Another critical issue is structuring rights of multiple PE investors in the same investee company. Prioritizing rights between such PE investors can often prove to be a nightmare for the promoters and sometimes a deal breaker. The documentation underlying the PE deal needs to be carefully structured to capture the order of priority of rights of different PE investors.
Live Law: India is considered "one of the most challenging markets" globally for private equity investors. With a dip in the PE deals over the last few years, where is the Indian PE market headed?
Alishan Naqvee: Rising inflationary pressures and friction between India’s economic expansion agenda and political pressures have the potential to suppress adjusted earnings in India. This could derail PE deal-making in sectors where the regulatory directions are unclear like infrastructure and microfinance. This is also a concern in regulatory-intensive sectors where there is a greater need of approvals involving procedural time-lags. If left unaddressed, investors’ worries about these barriers could slow fundraising in the long run as investors could seek better opportunities in other markets.
Investments hit an all time low in 2009 due to global uncertainties which directly affected the Indian economy. However, in spite of the myriad concerns, investors’ appetite for exposure to India’s PE market still remains strong owing to the revival of the stock markets and relative certainty in government policy and regulations over the last few months.
As of now investors are being cautiously optimistic and they have every right to be. Along with every crisis comes opportunity. Volatile markets present the PE industry with several unique, once in a lifetime opportunities.
It is, therefore, up to the investors to apply reasonable due diligence to understand the potential markets and attain a broader knowledge that will enable them to implement a long term strategic plan instead of looking only at the short term benefits. It is also up to the Indian policy makers to give the right message to investors for enhancing the fund flow into our economy. Improvement in the area of corporate governance will also help the PE market bounce back.
Live Law: It has been reported that while 2012 delivered a mixed bag for private equity houses and law firms in Asia, the prospects for 2013 look brighter. What are your views?
Alishan Naqvee: I personally welcome every good news with open arms, even if it appears a bit speculative. Trying to follow “The Secret”, you know! As regards India, I feel, whether our GDP grows at 5%, 6% or 8%, it does not make a great difference in the investment decisions, for various reasons. Firstly, we are at least above 5%, when many countries are struggling to even keep it in the positive. Second, it’s just a number, while an investment decision is based on a specific opportunity of investing in a promising business prospect driven by individuals having the potential.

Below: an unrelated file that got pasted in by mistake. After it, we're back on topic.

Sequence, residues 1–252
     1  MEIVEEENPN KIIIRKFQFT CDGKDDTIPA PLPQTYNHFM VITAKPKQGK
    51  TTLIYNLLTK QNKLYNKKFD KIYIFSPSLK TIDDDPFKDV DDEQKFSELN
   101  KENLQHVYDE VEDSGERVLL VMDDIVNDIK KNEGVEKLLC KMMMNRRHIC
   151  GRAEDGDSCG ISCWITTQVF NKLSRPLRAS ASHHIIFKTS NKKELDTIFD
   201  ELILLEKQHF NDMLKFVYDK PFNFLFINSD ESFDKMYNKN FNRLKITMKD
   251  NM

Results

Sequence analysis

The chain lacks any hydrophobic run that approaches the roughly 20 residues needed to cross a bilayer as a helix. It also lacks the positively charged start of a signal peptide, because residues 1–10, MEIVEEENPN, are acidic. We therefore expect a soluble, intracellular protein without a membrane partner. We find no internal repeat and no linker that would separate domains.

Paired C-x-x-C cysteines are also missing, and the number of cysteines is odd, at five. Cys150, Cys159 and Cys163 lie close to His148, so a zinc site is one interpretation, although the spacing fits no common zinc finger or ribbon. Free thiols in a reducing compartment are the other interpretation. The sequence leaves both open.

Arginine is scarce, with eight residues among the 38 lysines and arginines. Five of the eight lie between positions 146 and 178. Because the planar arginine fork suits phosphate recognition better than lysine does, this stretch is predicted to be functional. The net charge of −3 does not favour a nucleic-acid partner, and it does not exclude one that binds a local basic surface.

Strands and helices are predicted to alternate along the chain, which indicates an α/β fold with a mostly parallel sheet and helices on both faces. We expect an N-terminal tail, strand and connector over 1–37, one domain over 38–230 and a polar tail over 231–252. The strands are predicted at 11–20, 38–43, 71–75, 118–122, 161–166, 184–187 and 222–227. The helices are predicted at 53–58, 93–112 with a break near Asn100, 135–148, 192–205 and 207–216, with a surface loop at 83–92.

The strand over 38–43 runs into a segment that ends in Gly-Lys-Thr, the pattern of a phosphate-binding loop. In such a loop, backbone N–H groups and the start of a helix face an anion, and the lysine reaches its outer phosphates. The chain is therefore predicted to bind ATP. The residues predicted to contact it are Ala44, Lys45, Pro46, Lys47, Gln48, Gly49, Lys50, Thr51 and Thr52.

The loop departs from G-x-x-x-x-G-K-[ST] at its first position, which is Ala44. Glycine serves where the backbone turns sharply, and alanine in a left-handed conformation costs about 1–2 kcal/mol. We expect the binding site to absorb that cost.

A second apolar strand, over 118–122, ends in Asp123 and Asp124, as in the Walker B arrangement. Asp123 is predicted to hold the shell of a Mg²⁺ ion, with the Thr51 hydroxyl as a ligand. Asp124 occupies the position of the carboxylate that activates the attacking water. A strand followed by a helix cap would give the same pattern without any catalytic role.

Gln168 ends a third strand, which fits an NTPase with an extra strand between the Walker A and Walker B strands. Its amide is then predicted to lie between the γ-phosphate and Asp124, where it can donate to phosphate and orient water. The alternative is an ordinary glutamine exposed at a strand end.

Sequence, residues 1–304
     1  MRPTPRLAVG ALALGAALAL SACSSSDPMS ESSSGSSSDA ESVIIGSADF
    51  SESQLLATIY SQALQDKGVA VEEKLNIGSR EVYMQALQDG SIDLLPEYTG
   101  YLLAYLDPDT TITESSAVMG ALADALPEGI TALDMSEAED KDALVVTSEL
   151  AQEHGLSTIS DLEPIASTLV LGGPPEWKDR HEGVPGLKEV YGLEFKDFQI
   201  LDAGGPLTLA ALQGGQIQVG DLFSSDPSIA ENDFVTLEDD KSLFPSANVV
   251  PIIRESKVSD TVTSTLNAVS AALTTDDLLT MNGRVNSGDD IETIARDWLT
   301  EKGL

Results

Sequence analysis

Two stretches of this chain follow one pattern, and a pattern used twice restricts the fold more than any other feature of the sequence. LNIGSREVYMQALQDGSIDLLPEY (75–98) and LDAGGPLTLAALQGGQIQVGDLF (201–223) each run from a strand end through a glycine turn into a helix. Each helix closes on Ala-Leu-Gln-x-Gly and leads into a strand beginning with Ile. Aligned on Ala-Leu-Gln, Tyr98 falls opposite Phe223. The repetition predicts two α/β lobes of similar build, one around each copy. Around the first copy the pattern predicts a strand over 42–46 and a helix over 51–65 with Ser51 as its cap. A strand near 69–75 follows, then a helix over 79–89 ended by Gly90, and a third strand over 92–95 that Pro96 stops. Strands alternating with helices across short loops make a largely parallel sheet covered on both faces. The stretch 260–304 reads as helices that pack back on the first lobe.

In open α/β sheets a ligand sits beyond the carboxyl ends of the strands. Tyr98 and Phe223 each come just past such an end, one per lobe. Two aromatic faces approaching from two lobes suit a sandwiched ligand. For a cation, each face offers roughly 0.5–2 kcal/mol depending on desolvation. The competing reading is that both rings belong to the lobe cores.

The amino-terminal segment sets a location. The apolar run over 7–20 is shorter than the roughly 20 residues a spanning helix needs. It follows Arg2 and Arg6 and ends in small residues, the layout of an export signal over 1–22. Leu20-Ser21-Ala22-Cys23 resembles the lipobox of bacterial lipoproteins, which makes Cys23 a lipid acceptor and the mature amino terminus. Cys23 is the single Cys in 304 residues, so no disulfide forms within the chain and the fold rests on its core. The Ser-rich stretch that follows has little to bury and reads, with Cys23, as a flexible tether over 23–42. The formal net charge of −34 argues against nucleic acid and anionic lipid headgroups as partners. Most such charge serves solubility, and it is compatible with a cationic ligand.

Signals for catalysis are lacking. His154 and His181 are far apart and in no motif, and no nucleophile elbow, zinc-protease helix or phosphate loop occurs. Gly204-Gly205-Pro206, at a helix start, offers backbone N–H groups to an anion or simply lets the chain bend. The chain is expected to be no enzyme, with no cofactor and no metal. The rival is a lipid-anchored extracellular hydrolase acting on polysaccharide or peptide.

More important, perhaps, is the question whether the investors feel safe investing in India? Sentiments within India change at a very fast pace, both ways. Sentiments outside of India, towards India, are however a different story. They attain negativity at a very fast pace, and it takes years to bring the positivity back. Events of the last couple of years, have put most foreigners (and this includes foreign investors of all categories) in doubt about certainty on our tax front as well as about safety of individuals on our streets and in our houses. This would have serious and long term repercussions on the entire economic climate. These negative sentiments can overshadow the otherwise logical investment decision of any foreign investor.
In other words, but for these factors, we could hold our head high and ask the investors “if not in India, where would you invest?”
Live Law: As someone who has been consistently nominated as a "Leading Lawyer" in the area of private equity and venture capital, can you give us an insight into the highs and lows of this practice area?
Alishan Naqvee: The investments by private equity and venture capital funds are sophisticated and well documented. While the negotiations test your experience, the documentation tests your team’s endurance. Closings are high octane, and somehow always conclude (whenever they do!) not before wee hours. So the area is both exciting and challenging. The economic or market uncertainty however hits this sector almost immediately, so it is not “evergreen”, if I may say so, like litigation.